What I look like when I cry at work

Help! I cried at work!

“Amanda, I’m disappointed in you.”

His words cut like a knife. I sat across from my boss, a Managing Director at a global consulting firm. I was a new senior manager trying to prove myself. A few months into the job, I had made a mistake. My decision about how to handle a delicate situation with a client had turned out to be the wrong decision – one that would cost us a significant portion of our revenue for that month.

I looked at him, eyebrows slightly raised. Calmly, I said, “I understand.”

On the outside, this doesn’t seem very significant. But I walked out of that room giving myself a big round of silent high-fives. Why?

I was just SO dang proud of myself for NOT CRYING.

Starting as far back in childhood as I can remember, I was a highly sensitive child. My mother tells me that just one slightly bothered look in my direction would send me into big-time waterworks. I cry when my kids get shots. I cry every time I hear the national anthem sung. I don’t even bother wearing mascara to weddings anymore. And as anyone in my family can attest, sometimes a commercial for pet food will set me off.

Making a mistake at work? Fuggedaboutit. I have cried at lost sales, after tough client meetings, and (dreadfully) in front of clients in my early working years.

It’s not a good look (as evidenced by the cover photo for this post). Crying over small criticisms doesn’t exactly inspire trust and confidence in you as a leader. And although I felt completely competent to handle the actual work situation, I felt like I was losing every tug-of-war with my tear ducts.

To be clear, I love my sensitivity and I view it as a gift in most areas of life. I prefer to feel things deeply. It means I’m all-in on life.

I’ve just found it’s not particularly useful in the workplace.

So about seven years ago, I decided to address it. I read every book I could find (there aren’t many!), every tip, every trick. It used to happen to me A LOT. It still happens to me sometimes, just a lot less frequently. Thankfully, I learned how to handle it. So that day, when my boss told me he was disappointed in me, my eyes stayed bone dry.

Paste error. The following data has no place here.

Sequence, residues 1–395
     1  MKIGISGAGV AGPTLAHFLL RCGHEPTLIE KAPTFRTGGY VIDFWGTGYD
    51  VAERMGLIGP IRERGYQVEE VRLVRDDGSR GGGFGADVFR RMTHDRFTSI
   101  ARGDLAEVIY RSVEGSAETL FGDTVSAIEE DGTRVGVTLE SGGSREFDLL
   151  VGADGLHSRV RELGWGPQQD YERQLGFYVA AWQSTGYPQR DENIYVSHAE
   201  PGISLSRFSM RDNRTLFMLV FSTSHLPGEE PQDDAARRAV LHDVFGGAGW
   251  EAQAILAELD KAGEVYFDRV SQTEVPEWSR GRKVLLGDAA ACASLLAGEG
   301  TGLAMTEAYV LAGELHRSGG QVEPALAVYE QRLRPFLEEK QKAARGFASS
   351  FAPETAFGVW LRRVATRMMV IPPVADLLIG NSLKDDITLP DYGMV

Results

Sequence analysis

My three best tips to help you stop crying at work

Here are the top three things that have worked for me:

  1. The Impenetrable Bubble. Oddly, this works almost every time. I don’t remember where I read it so apologies to the original creator. The idea here is to imagine you are surrounded by a large bubble that is impenetrable by emotion. So whatever is going on around you, whatever anyone says, their words fly through the air toward you and then bounce off the bubble. The words simply can’t get to you, and can’t affect you. Sounds weird. But trust me – it WORKS.
  2. It’s really NOT personal. It really IS business. This sounds like a tired cliche, but it’s worth considering. I had to do the hard soul-searching to uncover why these conversations made me upset. Through this internal work, I discovered I  had an underlying fear that I was a fraud, that I didn’t deserve the role I had been put into, and that I was bound to screw it up and be found out. When I dissolved this belief and replaced this lie with the truth – I worked for and deserve every single opportunity and job I have received (P.S. this is a big part of the work I do as a coach!).
  3. The Skin Pinch. This is the “if-all-else-fails” solution. Simply squeeze the area of soft skin at the base between your thumb and index finger. Dig your nails in if you need to. It is discreet – no one will notice you are doing this as you sit across the table in a meeting. The pain of the pinch will momentarily interrupt the connectors in your brain triggering the tears.

Occasionally, I still do cry at work. But hey, it’s worth shedding a happy tear watching kids get the opportunity to walk.

I would love to hear more tips! What has worked for you? Share in the comments below.



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